using art for writing inspiration

Most writers, myself included, often look at art to help describe our scenes. I relied on maps of castles that I found online to describe the Citadel and other aspects of Woerld when I wrote Miserere. The description of the Ierusal Barren came from a surrealistic picture I found online. While I've lost the online link to the picture, I can tell you that particular image remains with me when I see Ierusal.

I use the art not just to describe a scene or place, but also to fix in my mind the mood I want to achieve, much like an artist uses models to begin an original piece. It is a way for me to orient myself into the world I'm trying to create, and surrealistic art is my favorite.

The marvelous Kate Jonez is renowned for her ability to find artists and paintings that excite my imagination, probably because Kate is such a fascinating artist in her own right. Over the weekend she posted a link to someone's site who showcased artwork by Zdzisław Beksiński.

Zdzisław Beksiński was a Polish artist born in Sanok in southern Poland and he was known for his surrealistic paintings that combined beauty and horror (the Wikipedia article can be found here). He did not title his works, but numbered them instead.

Dark and disturbing, I love all of Beksiński's art and if I had a few thousand Euros tucked away, I would be buying prints right now. I did find several pieces from the online gallery that gave me deeper inspiration for my novel and I look at them often as I write. I won't say which ones. Not quite yet.

I will say the work on the main page of the official web site is exactly how I imagined The Garden's abandoned monastery.

If you have a minute, click over and enjoy the Belvedere Gallery Production's gallery of Zdzisław Beksiński's haunting works.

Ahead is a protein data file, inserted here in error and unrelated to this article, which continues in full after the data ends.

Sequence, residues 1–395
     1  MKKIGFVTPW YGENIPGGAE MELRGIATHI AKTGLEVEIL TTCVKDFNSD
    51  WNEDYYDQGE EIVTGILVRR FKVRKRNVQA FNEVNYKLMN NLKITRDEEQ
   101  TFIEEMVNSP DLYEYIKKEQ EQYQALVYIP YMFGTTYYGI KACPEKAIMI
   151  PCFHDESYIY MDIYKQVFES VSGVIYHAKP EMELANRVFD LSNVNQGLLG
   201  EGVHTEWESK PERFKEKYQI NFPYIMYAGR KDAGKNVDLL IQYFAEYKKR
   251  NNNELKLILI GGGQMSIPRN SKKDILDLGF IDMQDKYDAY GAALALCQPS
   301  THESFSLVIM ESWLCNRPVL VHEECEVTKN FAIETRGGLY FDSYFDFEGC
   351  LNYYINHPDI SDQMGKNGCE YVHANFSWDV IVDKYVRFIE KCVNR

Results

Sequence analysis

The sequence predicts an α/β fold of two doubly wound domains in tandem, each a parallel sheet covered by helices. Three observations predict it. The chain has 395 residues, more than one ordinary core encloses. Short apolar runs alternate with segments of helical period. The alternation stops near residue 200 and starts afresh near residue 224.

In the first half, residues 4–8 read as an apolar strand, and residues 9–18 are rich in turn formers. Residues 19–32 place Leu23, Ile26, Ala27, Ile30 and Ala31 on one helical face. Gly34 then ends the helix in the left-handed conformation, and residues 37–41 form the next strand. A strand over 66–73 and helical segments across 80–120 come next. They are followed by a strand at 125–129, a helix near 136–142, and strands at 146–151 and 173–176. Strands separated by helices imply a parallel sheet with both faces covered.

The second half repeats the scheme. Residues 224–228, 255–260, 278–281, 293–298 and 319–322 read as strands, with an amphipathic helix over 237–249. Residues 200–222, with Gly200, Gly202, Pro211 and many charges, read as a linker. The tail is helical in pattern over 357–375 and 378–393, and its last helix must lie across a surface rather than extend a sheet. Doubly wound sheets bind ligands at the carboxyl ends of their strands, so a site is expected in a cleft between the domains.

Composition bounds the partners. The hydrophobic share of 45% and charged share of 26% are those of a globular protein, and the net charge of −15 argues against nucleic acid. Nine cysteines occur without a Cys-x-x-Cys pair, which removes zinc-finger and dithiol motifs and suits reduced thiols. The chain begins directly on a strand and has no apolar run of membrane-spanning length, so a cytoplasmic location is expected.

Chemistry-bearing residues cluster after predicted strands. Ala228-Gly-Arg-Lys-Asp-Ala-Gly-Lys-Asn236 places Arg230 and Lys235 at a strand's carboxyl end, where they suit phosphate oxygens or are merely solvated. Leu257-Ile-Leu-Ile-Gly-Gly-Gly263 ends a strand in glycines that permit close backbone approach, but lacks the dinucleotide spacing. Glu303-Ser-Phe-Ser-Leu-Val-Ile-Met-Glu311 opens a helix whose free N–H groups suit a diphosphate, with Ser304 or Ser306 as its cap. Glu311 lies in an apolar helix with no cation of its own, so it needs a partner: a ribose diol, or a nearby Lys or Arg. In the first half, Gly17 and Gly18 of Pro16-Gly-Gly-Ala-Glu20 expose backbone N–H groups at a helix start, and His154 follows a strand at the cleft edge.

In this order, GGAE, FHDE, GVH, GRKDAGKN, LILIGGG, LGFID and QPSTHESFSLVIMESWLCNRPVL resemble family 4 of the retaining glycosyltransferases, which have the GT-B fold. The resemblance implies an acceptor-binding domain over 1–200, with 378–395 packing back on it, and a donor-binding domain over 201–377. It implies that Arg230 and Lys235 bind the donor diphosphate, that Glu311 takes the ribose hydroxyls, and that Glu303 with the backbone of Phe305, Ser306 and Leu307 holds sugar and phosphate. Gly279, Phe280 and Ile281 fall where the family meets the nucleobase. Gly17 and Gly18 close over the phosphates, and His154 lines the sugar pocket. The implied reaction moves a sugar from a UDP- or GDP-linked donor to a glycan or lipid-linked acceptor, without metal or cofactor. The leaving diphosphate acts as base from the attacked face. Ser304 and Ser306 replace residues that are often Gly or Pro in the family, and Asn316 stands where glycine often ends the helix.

another look at strong female characters

I've been lurking about the interwebz, reading blog posts and reviews for different movies and the upcoming Wonder Woman series. Some of what I've seen has intrigued me, some has baffled me, and other things, I just accept that we all aren't going to agree.

One thing I have noticed (other than a WHOLE lot of book covers with sassy young women sporting large tattoos across their shoulders and backs) is the number one requirement for a strong female character is her ability to fight--and win. Sometimes against guys that outweigh her by a hundred pounds or more. The justification for this is "she's fast and well-trained."

Uh-uh.

I think we're putting our priorities in the wrong place, ladies. There is much more to being a strong woman than being able to fight well; although, I think a lot of this fighting and sleeping around that I'm seeing is due young women stretching their wings. They want what the boys have in terms of being respected for their prowess, be it on the battlefield or in the bed, and I can't blame them.

Decades of literature have been dedicated to male protagonists and their conquests. Why can't the girls have some fun?

But let's not cheapen ourselves in the process, ladies.

We should be eager to exhibit what's between our ears more so than what's between our legs.

A woman's true strength lies in her emotional maturity. An emotionally mature woman will intimidate even nastiest of villains. She can be flawed, no one is perfect, but a strong female character is not afraid of your demons, because she has conquered most of her own.

She knows when to give the battle so she can win the war. If she is going to fight, she's not going to dance. A strong female wins a fight not only because she's fast and well-trained, but because she gouges out eyes and rips with her teeth. She knows she's out-weighed and out-gunned, so she fights dirty.

And no, she doesn't fight in a star-spangled bustier or a chain mail bikini. Those are geek-boy dreams.

Her strength is in her bearing, her eyes, and her poise.

And with all that said, I'm glad that the series Wonder Woman got the ax. What the world doesn't need is another pretty face pretending to be tough. It insults battle-scarred old ladies like me.

P.S. My friend Kate Jonez had some interesting things to say in a Goodreads discussion we had. She has written her own response to this post at her blog. Check out Creating Strong Female Characters.